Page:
BOSTON- At approximately 12:50 this morning, the New York Yankees, baseball’s most historic team (owner of 27 ringzzz, if you hadn’t had the pleasure of interacting with a member of the Yankees’ faithful before), were murdered in cold blood by the Boston Red Sox in front of over 37,000 witnesses. The trial is expected to be swift and efficient, as there is little doubt over the perpetrator or method. The Red Sox used a blunt object (believed to be a baseball bat) to cave the fragile skulls of the Bronx Bombers and left them to bleed out on the field. A gruesome sight, to be sure. Many fans are despondent over the loss of their team and have begged God for another chance, but the Almighty has responded, saying “those overdramatic idiots already used up their prayers on a three-week Aaron Judge DL stint, they’re not getting shit.” The Yankees leave behind superstar Aaron Judge and Joba Chamberlain 2.0 Gary Sanchez, who were spared the massacre by virtue of being on the disabled list, an odd bit of mercy displayed by the assailant. Not all is lost, however. Though the Yankees on the whole demonstrated an alarming amount of cowardice over the course of the murder, one player, Shane Robinson, had a fine final hour. According to Brian, of tiny independent website, Shane Robinson is now his most hated Major League Baseball player and that he “hopes that ugly-ass bald gnome has a good time trying his little heart out while rotting in hell,” and that “I thought the Little League World Series didn’t start until the end of the month.”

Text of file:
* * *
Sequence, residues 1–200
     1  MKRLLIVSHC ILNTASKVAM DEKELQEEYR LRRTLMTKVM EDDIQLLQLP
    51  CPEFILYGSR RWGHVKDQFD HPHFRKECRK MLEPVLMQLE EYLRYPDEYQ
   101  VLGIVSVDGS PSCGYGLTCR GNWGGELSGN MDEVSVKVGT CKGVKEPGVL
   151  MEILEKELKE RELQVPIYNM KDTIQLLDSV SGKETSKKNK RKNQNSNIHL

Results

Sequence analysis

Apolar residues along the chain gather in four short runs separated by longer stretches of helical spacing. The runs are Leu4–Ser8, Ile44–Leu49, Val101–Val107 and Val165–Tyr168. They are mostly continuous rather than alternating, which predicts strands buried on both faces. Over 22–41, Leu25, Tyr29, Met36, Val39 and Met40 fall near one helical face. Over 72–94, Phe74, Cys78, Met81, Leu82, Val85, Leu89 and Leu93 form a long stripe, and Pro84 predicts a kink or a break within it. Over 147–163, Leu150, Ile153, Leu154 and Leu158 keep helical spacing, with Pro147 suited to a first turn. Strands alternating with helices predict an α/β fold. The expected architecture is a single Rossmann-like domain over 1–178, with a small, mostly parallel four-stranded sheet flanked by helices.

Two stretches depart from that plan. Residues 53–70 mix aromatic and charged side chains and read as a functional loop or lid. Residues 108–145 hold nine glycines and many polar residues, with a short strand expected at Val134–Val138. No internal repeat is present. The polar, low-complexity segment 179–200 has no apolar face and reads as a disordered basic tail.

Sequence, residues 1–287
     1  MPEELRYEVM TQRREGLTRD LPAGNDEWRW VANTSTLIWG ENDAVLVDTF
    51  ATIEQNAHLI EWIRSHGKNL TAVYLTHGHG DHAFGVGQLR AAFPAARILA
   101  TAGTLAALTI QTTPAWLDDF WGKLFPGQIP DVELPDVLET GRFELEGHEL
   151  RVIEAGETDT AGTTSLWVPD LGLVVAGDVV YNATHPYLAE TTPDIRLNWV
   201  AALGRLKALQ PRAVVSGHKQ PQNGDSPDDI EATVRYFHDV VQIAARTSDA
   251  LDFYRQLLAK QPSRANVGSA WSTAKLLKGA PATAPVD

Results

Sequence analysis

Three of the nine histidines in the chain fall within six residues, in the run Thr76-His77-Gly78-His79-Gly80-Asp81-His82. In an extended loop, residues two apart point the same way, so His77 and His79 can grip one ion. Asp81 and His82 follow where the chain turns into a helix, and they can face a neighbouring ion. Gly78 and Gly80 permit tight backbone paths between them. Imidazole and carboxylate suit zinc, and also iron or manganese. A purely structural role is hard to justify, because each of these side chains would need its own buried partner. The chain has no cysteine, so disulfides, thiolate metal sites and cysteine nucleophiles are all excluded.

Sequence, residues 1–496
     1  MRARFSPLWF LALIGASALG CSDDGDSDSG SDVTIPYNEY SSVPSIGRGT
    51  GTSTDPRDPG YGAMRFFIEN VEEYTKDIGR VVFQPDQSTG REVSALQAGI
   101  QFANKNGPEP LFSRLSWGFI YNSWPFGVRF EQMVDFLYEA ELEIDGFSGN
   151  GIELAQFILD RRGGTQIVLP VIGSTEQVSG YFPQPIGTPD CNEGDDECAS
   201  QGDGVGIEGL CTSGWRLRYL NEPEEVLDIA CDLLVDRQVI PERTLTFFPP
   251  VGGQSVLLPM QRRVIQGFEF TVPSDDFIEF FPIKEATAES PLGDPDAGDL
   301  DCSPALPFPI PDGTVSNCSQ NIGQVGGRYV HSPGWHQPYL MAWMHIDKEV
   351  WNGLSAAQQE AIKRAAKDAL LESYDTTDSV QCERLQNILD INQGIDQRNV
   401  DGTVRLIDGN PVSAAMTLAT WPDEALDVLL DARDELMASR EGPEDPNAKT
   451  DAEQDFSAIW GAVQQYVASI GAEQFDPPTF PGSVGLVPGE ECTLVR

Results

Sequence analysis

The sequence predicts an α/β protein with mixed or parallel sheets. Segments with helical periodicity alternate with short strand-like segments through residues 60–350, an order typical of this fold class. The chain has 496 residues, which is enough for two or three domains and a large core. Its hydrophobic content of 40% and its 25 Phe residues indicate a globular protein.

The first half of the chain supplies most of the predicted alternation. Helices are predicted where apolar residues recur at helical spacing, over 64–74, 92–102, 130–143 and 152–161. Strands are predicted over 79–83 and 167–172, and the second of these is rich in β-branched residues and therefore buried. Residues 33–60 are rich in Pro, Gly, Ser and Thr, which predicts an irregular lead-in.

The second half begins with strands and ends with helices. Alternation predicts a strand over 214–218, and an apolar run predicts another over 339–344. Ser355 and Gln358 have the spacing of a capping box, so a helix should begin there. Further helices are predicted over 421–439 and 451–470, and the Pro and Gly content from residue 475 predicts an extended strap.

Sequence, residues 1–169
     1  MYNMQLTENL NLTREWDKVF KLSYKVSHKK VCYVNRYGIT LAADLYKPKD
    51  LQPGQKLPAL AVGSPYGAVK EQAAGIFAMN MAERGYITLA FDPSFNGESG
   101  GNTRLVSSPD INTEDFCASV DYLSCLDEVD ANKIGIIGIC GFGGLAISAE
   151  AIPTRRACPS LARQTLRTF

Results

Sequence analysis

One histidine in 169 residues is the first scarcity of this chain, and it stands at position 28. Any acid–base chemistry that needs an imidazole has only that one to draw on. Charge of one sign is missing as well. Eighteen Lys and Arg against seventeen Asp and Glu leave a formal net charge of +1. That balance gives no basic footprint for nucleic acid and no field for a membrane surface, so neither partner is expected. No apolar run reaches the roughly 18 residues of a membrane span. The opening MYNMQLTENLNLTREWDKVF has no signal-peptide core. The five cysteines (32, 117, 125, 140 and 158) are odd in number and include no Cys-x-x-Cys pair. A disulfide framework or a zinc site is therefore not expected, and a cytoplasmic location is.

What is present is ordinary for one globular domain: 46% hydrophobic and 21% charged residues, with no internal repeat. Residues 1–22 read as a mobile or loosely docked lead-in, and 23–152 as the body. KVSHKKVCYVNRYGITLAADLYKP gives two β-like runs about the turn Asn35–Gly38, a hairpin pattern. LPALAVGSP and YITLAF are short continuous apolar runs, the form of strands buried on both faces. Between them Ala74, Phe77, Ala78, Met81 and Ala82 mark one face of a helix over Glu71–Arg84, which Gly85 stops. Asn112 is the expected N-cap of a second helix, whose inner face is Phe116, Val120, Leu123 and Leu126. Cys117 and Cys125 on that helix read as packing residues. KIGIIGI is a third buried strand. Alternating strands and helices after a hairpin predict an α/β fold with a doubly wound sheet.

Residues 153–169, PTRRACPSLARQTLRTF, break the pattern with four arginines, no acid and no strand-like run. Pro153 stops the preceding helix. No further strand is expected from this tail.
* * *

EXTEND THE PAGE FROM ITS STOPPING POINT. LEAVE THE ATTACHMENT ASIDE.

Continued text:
For their part, the culprits can now be considered serial killers, as they have murdered numerous baseball teams before turning their sights to their oldest rivals. They appear to be an unstoppable beast with an insatiable lust for blood. With the best lineup in the league and one of the best pitching staffs, they will continue to pile up victims if left unchecked. Chris Sale, Mookie Betts, and J.D. Martinez have amassed horrifying body counts and deserve to spend the rest of their lives in prison.

When reached out to for comment, Yankee manager Aaron Boone was surprised to hear of his team’s death, and “didn’t think anything was going wrong.”